than any other patents. The remaining time during which the inventor and his assigns may enjoy the fruit of the invention 'is short. After such a conflict the court ought not to permit infringement during the short remaining period. The defendants claim to have large amounts of money in their enterprise. They did it in the face of repeated adjudications sustaining the validity of the patent in question, and with their eyes open. If they must use the Bell invention to make operative the Brown improvement, they must await the expiration of the Bell patent. An injunction will issue, as prayed for in the bill.
AMERICAN BELL TEL. CO. v. WESTERN TEL. CONST. CO. et at (Circuit Court, N. D. Illinois. October 18, 1893.)
PATENTS FOR INVENTIONS-mFRn:lGEMENT-INJUNCTION.
One who invests his money in an infringing business, knowing that the patent has been sustained by the United States supreme court, will not be permitted to give bonds for damages, instead of submitting to an injunction, merely because the patent will expil:e in a few months.
In Equity. Suit by the American Bell Telephone Company against the Western Telephone Construction Company and others for infringement of letters patent No. 186,787, issued January 30, 1877, to Alexander Graham Bell, for improvements in electric telegraphy. Injunction granted. Bond, Adams, Pickard & Jackson and J. J. Storrow, for complainant. Joseph G. Parkinson. Robert H. Parkinson, and Adolph Moses, for defendants. JENKINS, Circuit Judge. The validity and infringement of the complainant's patent are not disputed. The life of that patent expires on January 30,1894. It is claimed that the defendants ought not now to be enjoined, but should be permitted to pursue their infringement upon giving bond to pay royalties to the complainane. The defendants. at the commencement of their enterprise, knew that this patent had been sustained by the supreme court of the United States. They were well informed of the complainant's rights under that patent. With that knowledge, they have pursued their infringement, with a view to entering into competition with the complainant in the use of this patented improvement. It is true tlw t they have a right to enter into competition with Lhe complainant and to use the invention of Mr. Bell covered by pat· ents which have expired. To that extent, they are justified. But they have no right, in the prosecution of such competition, to use the inventions covered by his patent No. 186,787 until the expiration of that patent. They must await that time before may use the invention thereby covered. If it be true that the defendants have invested large amounts of money in the prosecution of their enterprise, which will be prejudiced or injured by an injunc-
RAMMOND:!IUCKLE CO. ". GOODYEAR RUBBER CO.
tion here, it need only be said that they went into the enterprise with their eyes. open, and with deliberate design to infringe another's rights. In such case, they have no right to favorable CODsideration by a court of equity. An injunction will issue, as prayed for.
HAMMOND BUCKLE CO.
GOODYEAR RUBBER CO. et aL
(Circuit Court of Appea.ls, Second Circuit. October 17, 1893.)
P.A.'l'BNTS FOR INVENTIONS-INFRINGEMENT-IMPROVEMENT IN BHOE CLAIPL
In view of the prior state of the art, the first claim in letters patent No. 301,884, granted July 15, 1884, to Hammond & King, for improvement in shoe clasps for arctic shoes, viz.: . "In combination, the catch plate, the tongue pivoted directly to the tongue plate, and the tongue plate extending rearward of the pivot, and in contact with the catch plate when the parts are engaged," can only be sustained· by reading Into it the Umitations that the tongue should be pivoted directlY. to the tongue plate, below its face, and between Its bifurcated ends. and that the tongue should have a broadened position to combine with the elastic arms of the bifurcated ends, and, as thus modified, the invention Is described in elaim 4 of the same patent; and the patent is not Infringed by a shoe clasp which has no broadened tongue, the lock of the tongue being secured by the use of lI.attened, laterally projecting pivots.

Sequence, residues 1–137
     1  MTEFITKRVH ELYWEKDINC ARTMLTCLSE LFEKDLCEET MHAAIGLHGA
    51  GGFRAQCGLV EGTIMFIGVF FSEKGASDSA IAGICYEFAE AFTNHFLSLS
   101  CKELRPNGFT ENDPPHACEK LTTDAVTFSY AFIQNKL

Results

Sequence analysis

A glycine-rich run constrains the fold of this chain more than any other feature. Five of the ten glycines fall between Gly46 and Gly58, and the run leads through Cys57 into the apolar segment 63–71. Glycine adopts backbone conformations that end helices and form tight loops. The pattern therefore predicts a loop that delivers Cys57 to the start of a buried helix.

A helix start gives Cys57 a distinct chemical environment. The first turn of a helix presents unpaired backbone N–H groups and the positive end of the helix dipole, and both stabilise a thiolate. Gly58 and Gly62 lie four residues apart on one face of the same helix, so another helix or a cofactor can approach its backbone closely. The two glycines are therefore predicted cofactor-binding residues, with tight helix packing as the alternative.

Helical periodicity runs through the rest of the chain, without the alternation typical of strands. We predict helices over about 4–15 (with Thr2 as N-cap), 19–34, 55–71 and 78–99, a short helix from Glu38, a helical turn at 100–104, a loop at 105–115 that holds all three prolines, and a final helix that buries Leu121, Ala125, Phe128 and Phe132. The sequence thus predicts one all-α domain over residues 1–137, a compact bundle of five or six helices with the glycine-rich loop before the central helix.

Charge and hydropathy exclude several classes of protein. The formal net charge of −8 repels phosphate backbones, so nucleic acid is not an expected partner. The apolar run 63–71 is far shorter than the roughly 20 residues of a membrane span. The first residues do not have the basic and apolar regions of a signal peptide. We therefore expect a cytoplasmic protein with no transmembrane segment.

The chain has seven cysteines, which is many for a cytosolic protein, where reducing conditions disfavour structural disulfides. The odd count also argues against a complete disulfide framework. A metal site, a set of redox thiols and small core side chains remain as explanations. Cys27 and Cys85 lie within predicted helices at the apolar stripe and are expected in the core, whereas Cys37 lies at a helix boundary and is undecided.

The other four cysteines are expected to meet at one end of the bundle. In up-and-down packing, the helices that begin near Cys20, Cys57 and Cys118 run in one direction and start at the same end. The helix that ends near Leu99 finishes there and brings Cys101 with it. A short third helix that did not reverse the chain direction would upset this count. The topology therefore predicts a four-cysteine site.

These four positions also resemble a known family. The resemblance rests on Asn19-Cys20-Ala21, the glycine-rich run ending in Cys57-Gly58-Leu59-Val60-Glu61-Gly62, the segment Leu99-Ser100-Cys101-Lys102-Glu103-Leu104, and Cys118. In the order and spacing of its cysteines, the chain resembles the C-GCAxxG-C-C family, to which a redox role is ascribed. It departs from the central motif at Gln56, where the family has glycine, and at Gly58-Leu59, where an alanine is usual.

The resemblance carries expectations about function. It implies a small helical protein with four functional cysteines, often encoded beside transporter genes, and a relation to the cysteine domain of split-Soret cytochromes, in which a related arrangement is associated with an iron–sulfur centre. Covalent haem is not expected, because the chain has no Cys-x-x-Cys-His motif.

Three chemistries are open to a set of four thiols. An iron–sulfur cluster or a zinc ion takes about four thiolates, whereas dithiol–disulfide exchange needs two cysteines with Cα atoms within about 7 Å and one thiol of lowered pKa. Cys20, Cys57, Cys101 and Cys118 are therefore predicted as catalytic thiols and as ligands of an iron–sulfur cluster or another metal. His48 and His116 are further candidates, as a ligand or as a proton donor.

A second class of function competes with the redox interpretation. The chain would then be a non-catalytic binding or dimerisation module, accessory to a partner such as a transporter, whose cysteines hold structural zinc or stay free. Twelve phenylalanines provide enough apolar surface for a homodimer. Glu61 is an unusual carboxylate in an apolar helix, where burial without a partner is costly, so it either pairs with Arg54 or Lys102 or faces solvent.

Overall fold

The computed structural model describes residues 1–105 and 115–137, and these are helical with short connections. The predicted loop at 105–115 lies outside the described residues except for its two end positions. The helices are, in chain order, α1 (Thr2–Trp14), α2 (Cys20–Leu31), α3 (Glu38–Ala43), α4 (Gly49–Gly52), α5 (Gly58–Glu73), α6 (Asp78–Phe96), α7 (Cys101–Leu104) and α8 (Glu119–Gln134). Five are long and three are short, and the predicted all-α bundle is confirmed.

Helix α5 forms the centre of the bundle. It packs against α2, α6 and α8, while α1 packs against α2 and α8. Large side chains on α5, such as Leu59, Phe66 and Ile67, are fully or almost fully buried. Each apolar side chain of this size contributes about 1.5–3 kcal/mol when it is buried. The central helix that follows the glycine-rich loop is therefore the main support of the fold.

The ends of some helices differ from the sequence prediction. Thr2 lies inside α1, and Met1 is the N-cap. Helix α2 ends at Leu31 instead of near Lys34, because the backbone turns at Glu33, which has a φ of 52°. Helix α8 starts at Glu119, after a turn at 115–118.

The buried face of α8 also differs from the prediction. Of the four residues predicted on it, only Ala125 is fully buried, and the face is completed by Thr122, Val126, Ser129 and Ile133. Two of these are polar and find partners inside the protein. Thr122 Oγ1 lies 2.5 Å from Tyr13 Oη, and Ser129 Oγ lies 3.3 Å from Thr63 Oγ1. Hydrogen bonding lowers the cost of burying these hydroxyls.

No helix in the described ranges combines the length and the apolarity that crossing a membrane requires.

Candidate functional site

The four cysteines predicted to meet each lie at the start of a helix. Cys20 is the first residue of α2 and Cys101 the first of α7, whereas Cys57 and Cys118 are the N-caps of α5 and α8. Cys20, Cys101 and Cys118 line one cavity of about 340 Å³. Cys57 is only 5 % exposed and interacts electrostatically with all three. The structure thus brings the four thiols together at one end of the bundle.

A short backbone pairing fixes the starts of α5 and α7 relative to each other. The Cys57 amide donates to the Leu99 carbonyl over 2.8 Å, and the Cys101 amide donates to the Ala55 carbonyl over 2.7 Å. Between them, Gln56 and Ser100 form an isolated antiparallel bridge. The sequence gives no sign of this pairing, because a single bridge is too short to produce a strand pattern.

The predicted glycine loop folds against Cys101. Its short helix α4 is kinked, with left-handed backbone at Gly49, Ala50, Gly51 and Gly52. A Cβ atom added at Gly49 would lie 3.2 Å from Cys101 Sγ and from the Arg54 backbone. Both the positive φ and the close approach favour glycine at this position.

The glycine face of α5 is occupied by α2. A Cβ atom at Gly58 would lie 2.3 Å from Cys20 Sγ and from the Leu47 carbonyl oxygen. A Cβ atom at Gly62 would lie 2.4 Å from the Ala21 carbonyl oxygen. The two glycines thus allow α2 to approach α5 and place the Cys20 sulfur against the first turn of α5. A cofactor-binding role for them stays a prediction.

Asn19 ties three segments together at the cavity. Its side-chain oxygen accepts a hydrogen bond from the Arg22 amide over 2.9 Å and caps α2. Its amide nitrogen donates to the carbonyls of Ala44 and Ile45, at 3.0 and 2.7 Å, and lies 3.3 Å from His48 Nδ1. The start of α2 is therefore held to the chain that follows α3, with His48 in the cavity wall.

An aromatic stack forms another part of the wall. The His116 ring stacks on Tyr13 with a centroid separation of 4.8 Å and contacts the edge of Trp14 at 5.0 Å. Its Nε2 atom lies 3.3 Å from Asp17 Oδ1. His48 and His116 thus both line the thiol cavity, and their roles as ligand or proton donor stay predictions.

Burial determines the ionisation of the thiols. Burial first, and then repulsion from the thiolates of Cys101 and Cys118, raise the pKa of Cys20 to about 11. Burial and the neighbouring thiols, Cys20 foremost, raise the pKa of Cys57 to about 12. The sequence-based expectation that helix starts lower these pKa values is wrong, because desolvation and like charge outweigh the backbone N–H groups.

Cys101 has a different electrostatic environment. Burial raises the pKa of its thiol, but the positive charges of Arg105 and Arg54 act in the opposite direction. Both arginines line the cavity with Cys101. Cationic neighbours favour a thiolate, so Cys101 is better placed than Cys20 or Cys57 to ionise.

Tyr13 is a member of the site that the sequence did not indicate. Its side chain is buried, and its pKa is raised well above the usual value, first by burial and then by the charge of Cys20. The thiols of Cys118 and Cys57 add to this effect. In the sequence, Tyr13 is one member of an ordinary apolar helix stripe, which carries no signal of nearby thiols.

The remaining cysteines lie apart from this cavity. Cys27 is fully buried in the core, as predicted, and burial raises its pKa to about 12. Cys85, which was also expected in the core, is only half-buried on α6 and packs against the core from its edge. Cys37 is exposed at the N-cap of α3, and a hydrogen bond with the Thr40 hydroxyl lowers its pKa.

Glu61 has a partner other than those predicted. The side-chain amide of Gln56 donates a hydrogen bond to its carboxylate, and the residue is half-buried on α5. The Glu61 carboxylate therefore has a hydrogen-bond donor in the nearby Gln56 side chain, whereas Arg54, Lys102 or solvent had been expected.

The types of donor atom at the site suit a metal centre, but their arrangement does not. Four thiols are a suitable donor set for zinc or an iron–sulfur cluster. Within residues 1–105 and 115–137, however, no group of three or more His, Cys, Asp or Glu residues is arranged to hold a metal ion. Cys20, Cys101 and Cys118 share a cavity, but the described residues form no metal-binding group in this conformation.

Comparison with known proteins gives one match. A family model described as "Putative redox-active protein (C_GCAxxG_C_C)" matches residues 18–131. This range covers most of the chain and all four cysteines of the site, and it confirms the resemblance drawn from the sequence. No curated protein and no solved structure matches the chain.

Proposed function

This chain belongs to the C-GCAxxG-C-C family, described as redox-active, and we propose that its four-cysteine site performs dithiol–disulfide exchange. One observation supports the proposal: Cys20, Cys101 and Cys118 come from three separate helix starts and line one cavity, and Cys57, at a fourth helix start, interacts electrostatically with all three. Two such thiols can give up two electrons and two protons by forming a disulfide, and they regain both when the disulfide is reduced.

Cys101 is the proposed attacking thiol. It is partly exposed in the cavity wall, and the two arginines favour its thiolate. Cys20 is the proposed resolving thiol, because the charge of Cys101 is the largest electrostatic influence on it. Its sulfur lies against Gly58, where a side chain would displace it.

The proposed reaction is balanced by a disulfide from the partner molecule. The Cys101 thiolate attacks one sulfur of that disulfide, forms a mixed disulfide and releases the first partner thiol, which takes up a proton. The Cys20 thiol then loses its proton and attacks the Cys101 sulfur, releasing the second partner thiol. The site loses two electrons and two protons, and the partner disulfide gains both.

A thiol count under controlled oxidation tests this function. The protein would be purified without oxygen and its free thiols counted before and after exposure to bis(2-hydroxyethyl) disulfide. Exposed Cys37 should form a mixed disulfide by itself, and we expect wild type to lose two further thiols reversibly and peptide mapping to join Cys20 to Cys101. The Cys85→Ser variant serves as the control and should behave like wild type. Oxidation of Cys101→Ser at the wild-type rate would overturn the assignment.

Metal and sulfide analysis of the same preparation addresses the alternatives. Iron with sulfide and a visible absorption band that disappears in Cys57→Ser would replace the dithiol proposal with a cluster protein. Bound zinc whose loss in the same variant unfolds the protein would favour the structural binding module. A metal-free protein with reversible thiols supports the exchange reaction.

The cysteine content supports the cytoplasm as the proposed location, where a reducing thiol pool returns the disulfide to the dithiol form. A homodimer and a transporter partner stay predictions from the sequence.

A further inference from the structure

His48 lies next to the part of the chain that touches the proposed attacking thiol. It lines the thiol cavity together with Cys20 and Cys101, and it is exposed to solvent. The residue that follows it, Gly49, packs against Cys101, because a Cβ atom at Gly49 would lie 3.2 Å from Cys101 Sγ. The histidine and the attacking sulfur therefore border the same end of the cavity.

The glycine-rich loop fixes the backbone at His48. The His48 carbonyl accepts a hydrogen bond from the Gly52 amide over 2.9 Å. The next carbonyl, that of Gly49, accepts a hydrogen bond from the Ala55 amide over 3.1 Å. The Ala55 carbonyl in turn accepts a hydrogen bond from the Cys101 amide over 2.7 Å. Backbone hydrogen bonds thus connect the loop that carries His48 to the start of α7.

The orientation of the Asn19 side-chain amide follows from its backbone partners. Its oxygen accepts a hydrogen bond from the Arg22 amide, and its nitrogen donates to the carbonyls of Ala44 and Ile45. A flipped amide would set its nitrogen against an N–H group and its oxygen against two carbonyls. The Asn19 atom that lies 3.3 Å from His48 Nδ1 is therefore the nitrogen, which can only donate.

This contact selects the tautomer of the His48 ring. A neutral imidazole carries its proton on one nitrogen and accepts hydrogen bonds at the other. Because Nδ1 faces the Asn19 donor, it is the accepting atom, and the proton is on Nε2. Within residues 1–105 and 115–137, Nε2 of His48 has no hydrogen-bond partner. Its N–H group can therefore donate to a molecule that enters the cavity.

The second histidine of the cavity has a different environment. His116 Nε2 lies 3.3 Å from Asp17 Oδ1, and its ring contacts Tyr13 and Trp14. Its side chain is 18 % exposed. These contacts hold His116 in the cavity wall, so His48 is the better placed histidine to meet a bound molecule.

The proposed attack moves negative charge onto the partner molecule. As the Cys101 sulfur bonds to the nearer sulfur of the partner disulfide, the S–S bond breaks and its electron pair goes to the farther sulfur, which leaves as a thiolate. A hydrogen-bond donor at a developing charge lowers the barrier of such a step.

from the Cirouit Court of the United States fOl' the Distrl.ct of Connecticut. In Equity. Bill by the Hammond Buokle Company against the Goodyear Rubber Company and others to restrain the infringement of letters patent No. 301,884, issued July 15, 1884, to Hammond & King, for 8JD improvement in shoe clasps for arotio overshoes. Decree for complainant. Defendants appeal. Reversed. O. H. Duell, for appellants. George W. Hey, for appellee. Before WALLACE and LACOMBE, Circuit Judges. LACOMBE, Circuit Judge. The patent is for an improvement In shoe clasps of the kind used to fasten together 1Jhe flaps of arctio overshoes. The particular claim is as follows:
"(1) In wmblnatlon, the catch plate, the tongue pivoted directty to the tongue plate, and the tongue plate extending rearward of the pivot, and In contact with the catch plate when the parts lIire engaged, aU substantially as
,The patent contains three other claims, but they are not in question in this su'it. Thedefendanis' clasp is made under letters patent No. 418,924, January 7, 1890, to John Nase. The patent sued upon was construed by Judge Shipman in Hammond Buckle Co. v. Hathaway, 48 Fed. Rep. 305,834, and the validity of this claim sustained. Application for a preliminary injunction in the suit at bar was made before the same judge. It was denied for the reason that infringement was not plain, but the validity of the claim was again sustained. Subsequently, when the case oame